I am looking at my daughter's feet. This is not as easy as it sounds.
To look at these feet in their natural state -- perpetual motion -- you have to film them and then freeze one frame on the wall. I am therefore looking at my daughter's feet . . . in passing.
I don't see any toes, of course. I haven't seen any toes for weeks. What I see are wheels, eight of them to be pricse. These days they come attached to every kid I meet, sort of like braces.
There is in my neighborhood an epidemic of wheels. Spring doesn't spring anymore. It skates. Children don't walk anymore. They roll like a caisson or a stone.
Roller skates have sprouted around here in the last few weeks like crocuses.
What I see on the feet of my daughter and her friends are not just, God forbid, skates I mean skates with keys, skates that come on and off your shoes. These have been un-invented
My duaghter is wearing a medium-priced pair of sneaker skates, which cost more than the first two autombile tires I ever bought (although my car didn't outgrow its tires every six months). They cost this much because they were created scientifically!
Here is how they were made. First, they took a running shoe, which was designed by a marathon champion engineer, to distribute the impact of the payement from Hopkinton to Boston perfectly along the the length of foot. Then they screwed on a set of wheels so the shoe would never again touch the ground.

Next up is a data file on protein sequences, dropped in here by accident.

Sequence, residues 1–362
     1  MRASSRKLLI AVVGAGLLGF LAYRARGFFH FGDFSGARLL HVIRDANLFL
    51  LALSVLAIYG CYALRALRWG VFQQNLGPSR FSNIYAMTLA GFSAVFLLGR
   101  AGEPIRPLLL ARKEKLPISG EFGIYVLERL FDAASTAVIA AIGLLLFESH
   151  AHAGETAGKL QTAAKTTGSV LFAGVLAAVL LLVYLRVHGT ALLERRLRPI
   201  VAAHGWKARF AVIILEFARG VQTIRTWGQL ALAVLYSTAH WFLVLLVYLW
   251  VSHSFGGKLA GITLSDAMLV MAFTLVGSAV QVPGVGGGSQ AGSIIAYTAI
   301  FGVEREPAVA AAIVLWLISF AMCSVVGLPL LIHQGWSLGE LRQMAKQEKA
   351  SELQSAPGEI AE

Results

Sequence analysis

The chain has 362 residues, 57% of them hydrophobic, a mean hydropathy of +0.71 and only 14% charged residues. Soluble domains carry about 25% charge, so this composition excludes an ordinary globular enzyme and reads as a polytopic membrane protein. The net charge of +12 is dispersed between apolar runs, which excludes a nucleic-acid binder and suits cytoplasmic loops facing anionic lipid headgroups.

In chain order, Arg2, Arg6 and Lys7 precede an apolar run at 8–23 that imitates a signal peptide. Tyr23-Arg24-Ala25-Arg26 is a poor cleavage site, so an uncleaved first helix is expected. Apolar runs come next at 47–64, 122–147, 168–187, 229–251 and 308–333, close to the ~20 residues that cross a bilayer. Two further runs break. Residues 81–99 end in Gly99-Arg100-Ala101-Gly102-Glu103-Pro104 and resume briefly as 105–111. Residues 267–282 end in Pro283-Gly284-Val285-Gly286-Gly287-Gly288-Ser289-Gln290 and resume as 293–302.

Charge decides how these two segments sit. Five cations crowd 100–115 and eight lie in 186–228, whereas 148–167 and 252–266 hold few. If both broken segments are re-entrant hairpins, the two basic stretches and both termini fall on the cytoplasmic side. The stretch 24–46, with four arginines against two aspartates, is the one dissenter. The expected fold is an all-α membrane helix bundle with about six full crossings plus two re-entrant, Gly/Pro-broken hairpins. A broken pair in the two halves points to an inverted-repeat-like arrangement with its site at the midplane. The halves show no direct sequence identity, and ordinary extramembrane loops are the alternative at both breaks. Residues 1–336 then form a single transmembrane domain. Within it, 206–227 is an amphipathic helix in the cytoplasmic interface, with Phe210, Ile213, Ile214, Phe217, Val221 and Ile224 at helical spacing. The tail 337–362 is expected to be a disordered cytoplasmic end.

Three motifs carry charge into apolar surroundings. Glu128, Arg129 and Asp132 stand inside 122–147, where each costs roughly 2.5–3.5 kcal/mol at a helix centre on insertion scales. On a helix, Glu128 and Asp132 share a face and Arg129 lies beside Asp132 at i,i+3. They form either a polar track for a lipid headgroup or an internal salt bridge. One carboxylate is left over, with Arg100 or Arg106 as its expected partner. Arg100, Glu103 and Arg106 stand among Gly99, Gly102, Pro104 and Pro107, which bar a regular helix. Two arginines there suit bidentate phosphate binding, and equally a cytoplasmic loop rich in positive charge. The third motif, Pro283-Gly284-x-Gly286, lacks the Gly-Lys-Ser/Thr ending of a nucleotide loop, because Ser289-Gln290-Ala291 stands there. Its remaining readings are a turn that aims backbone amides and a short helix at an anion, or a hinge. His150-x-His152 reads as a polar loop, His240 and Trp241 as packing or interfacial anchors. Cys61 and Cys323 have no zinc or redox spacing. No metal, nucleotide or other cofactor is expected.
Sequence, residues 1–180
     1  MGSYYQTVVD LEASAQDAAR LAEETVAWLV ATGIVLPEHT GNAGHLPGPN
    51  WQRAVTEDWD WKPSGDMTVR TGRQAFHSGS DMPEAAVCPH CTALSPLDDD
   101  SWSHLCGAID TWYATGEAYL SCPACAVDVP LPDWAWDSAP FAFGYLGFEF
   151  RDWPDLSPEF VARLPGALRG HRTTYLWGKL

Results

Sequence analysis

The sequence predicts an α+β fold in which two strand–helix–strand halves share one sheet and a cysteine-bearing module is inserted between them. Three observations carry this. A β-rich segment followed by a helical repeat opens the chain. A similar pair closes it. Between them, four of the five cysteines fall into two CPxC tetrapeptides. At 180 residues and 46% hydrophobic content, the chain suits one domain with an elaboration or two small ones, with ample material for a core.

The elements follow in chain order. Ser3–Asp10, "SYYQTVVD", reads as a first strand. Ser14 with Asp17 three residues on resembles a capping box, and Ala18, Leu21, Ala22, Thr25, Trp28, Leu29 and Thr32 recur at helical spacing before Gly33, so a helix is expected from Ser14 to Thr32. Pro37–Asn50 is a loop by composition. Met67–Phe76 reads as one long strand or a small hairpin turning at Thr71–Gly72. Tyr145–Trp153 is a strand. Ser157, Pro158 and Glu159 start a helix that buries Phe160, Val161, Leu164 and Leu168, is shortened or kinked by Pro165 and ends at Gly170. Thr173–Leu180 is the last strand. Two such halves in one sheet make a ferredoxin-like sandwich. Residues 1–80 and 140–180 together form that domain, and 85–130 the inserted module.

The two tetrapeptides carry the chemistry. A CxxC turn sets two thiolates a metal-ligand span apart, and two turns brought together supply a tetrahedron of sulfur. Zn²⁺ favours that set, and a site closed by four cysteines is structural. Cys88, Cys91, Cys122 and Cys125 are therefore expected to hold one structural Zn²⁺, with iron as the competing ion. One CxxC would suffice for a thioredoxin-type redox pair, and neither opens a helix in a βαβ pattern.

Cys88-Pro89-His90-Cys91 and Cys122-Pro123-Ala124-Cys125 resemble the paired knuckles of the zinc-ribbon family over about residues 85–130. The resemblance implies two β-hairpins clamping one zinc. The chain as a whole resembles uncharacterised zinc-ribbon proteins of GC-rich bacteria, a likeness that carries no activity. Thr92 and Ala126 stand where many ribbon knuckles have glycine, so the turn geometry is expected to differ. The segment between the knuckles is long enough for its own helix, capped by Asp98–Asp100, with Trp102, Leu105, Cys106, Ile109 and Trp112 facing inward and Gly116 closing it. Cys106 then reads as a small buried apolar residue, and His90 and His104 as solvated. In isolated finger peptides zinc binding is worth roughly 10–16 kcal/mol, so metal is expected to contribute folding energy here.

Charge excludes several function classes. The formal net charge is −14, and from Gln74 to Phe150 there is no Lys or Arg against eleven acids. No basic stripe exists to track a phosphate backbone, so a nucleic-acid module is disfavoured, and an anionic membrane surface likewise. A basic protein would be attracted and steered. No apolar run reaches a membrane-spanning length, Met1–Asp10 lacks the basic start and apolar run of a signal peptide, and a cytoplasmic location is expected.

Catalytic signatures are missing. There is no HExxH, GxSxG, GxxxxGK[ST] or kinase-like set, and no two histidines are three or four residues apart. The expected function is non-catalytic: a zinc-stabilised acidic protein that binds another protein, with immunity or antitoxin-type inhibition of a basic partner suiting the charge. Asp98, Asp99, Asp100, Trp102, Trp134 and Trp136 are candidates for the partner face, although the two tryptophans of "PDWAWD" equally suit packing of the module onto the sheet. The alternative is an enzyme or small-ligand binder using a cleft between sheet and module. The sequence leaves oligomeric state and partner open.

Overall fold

It is not entirely clear why skates were made like this, although I haven't yet asked James Fixx. But it is entirely clear why children want them. (If you don't know, you are probably the sort of grown-up who used to polish white bucks.)
These skates have a stopper on the front. This is not really to be used to stop. (Trust me.) it is to be used to walk up and down the stairs inside the house. The stopper also is useful for walking across carpeting and for sneaking across linoleum quietly when your mother has finally forbidden you to skate inside the house.
("But they are indoor and outdoor skates, mom!" "This is not a skating rink!")
This stopper is crucial because it makes it entirely unnecessary for children to remove their skates for any activity except hair-washing.
And that is the point.
The 1980s belong to the eight-wheelers the way the 1950s belonged to the motorcycle gang. "The Mild Ones" are more urban and benign, of course. If they spend their lives tooling through the streets, they only terrify squirrels and pigeons.
But it is possible to search through my community at any time of day and never see a young of foot fixed to the ground. It is possible to encounter children who have totally forgotten the wonderful feel of concrete beneath their feet. Some of them only make pit-stops long enough to fill up at the refrigerator.
I know 11-year-olds who barely loosen their laces at bedtime and 12-year-olds competing for the Guinness Book of Records in "longest continuous roller-skate wearing." The Board of Health may have to start cutting their souls free.
Parents are supposed to raise their children to "stand up on their own two feet." And Lord knows we are trying, but it isn't easy.
In a mobile country like ours, childhood goes from baby buggies to gas guzzlers. We raise our children from one set of wheels to another, as if they were stages.
Still, no one warned us that adolescence would turn into a roller derby. Nobody told us that our kids would be out wheeling for eight hours a day without a license.
The bumper sticker on the corner asks me every morning with snug, nosy insistence: "Have you hugged your kid today?"
It is none on the bumper sticker's business. What I want to know is this: How do you hug an eight-wheeled vehicle?